Global Service Becomes Part of Maintenance Plan
Flying a plane requires a special feel. Helping pilots learn this feel is the mission of the flight simulation industry. According to Aviation Safety magazine, perhaps “the most significant factor” in helping pilots fly safely “is the high-quality simulator training airline pilots receive from their first flight and continuing regularly throughout their career.”
The motion control systems that make up a full-flight simulator replicate the conditions and forces that pilots routinely encounter in flight. The motion control system includes a motion base with actuators as well as control loading and associated software that work seamlessly with the instrumentation, seats and sophisticated visuals in the cabin. The motion base, which includes everything below the simulator’s cockpit, can typically support payloads of up to 16,000 kg.
Keeping these full-flight simulators running requires engineering know-how, logistics expertise and creative solutions for maintenance and repair. Full-flight simulators commonly strive to achieve 99.5 percent availability or uptime. The continued growth in the number of commercial airframes, and the growing shortage of pilots, drives most commercial flight centres to operate civil flight simulators up to 20 hours per day. One flight simulator manufacturer – which our company, Moog, works with – operates a large customer service area with wall-size monitors tracking the status of simulators. Any simulators that are out of operation are highlighted, identifying details for the maintenance crews working on the simulators. When a simulator is not available for training and requires maintenance, it can cost between US$600 and US$1,500 per hour in lost revenue for the simulator operator. Compounding this impact is the logistical nightmare that results from flight crews arriving for periodic flight certification, only to find there is no simulator on which to train.
No maintenance professional wants to see his or her simulator unavailable for training because they can’t quickly access a spare part to bring their system back online. And although this article highlights flight simulation, the pressure to keep equipment of all kinds running to meet customer demand is similarly critical whether it is a wind turbine, paper mill or power plant. A company, which has a long history of developing high-performance motion control systems for flight simulation, wind energy, manufacturing and power generation, understands that its flight simulation customers must have parts globally available for quick and easy access in response to planned and unplanned repairs.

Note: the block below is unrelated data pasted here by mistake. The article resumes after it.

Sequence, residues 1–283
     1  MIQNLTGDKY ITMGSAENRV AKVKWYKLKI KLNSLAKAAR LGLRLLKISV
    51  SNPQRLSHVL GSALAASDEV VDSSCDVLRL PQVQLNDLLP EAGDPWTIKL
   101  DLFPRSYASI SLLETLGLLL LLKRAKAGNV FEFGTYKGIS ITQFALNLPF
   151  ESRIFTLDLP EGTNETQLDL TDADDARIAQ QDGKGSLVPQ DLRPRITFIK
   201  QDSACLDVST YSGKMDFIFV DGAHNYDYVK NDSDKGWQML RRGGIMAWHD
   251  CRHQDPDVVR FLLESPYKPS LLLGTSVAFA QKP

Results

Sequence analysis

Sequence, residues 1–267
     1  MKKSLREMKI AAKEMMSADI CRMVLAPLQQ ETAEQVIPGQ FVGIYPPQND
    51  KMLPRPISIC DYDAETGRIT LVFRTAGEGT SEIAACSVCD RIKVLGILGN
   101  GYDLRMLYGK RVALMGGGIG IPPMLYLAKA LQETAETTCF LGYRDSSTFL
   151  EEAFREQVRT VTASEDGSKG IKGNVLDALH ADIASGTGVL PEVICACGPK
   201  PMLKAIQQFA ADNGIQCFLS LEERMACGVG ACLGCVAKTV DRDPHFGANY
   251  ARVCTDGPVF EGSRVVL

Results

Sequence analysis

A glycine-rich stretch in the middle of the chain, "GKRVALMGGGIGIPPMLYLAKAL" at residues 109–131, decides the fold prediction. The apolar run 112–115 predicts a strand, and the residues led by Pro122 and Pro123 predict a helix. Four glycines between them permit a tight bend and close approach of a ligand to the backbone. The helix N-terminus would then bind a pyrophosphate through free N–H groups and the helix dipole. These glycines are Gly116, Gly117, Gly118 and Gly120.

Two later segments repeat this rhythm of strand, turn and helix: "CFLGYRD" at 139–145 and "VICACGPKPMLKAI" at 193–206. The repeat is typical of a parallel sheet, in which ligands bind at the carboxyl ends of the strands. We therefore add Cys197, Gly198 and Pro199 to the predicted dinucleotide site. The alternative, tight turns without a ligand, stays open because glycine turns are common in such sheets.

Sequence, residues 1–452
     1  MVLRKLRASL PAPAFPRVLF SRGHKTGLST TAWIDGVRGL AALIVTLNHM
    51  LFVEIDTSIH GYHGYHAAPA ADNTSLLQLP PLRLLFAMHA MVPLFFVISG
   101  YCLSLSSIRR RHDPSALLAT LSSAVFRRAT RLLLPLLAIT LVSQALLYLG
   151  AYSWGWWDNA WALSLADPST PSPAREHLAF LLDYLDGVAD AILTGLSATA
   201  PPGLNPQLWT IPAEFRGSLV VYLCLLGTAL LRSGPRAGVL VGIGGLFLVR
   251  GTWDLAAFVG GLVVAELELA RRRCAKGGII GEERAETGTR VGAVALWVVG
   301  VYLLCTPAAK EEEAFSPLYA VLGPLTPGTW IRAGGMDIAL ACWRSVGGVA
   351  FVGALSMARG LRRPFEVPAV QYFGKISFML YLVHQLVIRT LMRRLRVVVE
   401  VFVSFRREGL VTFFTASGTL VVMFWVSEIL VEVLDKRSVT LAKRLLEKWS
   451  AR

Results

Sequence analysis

The logistics behind making repairs
Moog’s response was to keep a strategic inventory of emergency parts in regional hubs located in Asia, Europe, and the United States, so parts can easily and rapidly reach our customers where their simulators operate. For the last year and a half, we have had a partnership in place with UPS Supply Chain Solutions (UPS-SCS) for warehousing and logistics support. Our partnership has been about much more than shipping freight. For instance, UPS-SCS consultants examined our parts-fulfilment network and shipping lanes, resulting in a recommendation for optimizing the location of our regional stock locations. Once we established the global warehouses, we trained our 24/7 support team to use UPS-SCS’s customer-facing software, thereby responding to customer requests for rapid dispatch of critical spares anywhere in the world. Our support team can now handle queries whenever a customer logs a maintenance issue from anywhere in the world. Moog engineers not only have the ability to quickly analyze the root cause of a simulator’s failure, but also can dispatch parts around the clock.
Part of the analysis process that we went through to set up our response to maintenance issues involved giving UPS-SCS data on the simulator locations, which established maintenance trends (e.g., type and quantity of parts, geographic locations requesting the most parts, etc.) for our simulator business. With this, UPS-SCS and Moog were able to identify where the best places were for warehousing spare parts. For example, one location was in The Netherlands, another was in the Midwest United States, and a third was in Singapore from where we could rapidly reach Asian customers.